The Constitution was amended to “provide for the maintenance and support of a thorough and efficient system of free public schools for the instruction of all the children in the State between the ages of 5 and 18 years.” A ten-member State Board of Education was appointed by the governor, and provisions were made to appoint an education commissioner. Moreover, plans were made to maintain a normal school and a model training school, and to set up a board of examiners to review and license teachers. (2)
Bridgeton was the first urban area to actually establish a public-school system. It served specifically white children who were age seven and older, but due to limited space, only 2 children per household were permitted to attend. During this time there were only twelve public schools in New Jersey that were free to attend.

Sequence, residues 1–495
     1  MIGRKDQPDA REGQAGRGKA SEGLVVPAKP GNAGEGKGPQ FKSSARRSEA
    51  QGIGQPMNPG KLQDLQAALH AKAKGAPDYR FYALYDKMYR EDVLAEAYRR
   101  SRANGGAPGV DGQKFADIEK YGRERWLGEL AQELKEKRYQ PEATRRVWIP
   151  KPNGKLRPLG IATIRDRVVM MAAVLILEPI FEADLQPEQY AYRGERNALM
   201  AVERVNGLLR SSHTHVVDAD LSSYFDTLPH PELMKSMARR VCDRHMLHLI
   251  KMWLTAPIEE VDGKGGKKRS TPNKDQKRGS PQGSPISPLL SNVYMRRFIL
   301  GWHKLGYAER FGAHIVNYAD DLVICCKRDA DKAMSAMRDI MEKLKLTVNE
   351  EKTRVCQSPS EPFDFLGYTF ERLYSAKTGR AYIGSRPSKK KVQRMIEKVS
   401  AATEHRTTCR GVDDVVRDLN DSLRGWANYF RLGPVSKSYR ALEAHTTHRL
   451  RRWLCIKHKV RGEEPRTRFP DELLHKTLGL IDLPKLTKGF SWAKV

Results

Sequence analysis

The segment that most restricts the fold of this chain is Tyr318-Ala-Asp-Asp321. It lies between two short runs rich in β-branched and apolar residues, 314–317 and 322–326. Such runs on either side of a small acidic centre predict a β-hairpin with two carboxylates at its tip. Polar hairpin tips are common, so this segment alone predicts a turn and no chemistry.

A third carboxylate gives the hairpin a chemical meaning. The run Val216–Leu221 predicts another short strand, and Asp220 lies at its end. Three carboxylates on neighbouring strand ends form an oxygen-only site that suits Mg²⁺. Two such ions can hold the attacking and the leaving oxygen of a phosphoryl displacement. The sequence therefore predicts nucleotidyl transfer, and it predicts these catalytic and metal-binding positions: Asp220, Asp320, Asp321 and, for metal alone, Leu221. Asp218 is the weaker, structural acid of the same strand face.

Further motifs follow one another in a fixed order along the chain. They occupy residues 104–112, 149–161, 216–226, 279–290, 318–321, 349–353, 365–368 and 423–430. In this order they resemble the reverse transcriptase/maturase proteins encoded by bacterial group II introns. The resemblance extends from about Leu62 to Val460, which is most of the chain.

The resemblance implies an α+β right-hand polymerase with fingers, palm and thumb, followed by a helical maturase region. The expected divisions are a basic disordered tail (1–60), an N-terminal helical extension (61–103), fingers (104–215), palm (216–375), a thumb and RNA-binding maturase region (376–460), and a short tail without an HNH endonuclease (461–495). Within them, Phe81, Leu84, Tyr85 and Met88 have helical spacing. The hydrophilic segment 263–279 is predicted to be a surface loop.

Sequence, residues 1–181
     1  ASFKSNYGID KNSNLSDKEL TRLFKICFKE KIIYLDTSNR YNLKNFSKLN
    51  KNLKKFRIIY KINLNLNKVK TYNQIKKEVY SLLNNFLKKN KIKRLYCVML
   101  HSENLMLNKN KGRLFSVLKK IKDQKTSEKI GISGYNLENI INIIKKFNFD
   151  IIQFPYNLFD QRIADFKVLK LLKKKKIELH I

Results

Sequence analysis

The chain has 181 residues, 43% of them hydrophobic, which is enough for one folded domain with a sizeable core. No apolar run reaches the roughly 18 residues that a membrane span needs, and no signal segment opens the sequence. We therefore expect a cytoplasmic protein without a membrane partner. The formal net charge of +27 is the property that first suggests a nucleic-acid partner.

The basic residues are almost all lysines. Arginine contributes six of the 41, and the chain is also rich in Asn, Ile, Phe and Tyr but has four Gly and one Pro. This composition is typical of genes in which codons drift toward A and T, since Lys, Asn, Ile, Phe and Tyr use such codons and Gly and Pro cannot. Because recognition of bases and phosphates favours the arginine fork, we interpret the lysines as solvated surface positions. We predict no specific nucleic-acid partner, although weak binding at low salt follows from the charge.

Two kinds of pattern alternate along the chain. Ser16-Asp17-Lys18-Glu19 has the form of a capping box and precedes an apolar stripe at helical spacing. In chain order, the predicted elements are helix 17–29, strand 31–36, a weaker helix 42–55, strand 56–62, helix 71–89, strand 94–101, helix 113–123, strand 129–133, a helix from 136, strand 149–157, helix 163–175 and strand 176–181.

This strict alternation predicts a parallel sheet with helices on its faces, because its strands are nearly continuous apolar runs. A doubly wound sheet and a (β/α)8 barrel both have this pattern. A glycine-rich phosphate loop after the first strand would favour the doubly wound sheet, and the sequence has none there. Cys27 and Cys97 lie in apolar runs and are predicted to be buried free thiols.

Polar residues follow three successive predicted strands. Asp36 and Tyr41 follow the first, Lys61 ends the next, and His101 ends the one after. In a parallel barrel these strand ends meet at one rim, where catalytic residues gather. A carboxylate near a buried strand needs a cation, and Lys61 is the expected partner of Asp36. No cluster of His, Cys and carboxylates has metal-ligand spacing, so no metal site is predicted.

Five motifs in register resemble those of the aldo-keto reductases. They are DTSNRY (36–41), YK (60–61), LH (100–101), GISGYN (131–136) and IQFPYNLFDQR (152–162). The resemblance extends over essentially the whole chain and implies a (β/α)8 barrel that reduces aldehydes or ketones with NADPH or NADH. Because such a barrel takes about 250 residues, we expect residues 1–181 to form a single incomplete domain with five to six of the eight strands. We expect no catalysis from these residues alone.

There is significantly less documentation regarding school for black children in Southern New Jersey. In Southern Bridgeton there is a known existence of a one room school for black children, and ten years later there is one that was documented as being part of a survey performed by the county, but it is unclear if they are the same school. (2) Following this, during the middle to late nineteenth and twentieth centuries, the existence of schools and school buildings grew significantly in New Jersey. Rural New Jersey schools and “the majority of extant country schools are lookalike, modest, gable-roofed frame buildings constructed of commercially produced and dimensioned materials and manufactured hardware, but incorporated provincialized ornamentation; many have been adapted to a new use. The forms, built from the mid to late 1800s, are repeated in nearby churches, community centers, granges and masonic halls.”(2) Once schools became a mandated thing for those living in the State of New Jersey, it became increasingly common for multiple schools to exist in one town. In fact, almost every single town had its own school. (2) Present day, there are around 2,511 schools in New Jersey. Local Educational Agencies, consisting of Charter Schools, Operating School Districts, Non-operating School Districts, among others, there are 697. (6) New Jersey is also home to around 83 schools, 51 being private and around 32 public Universities. (7)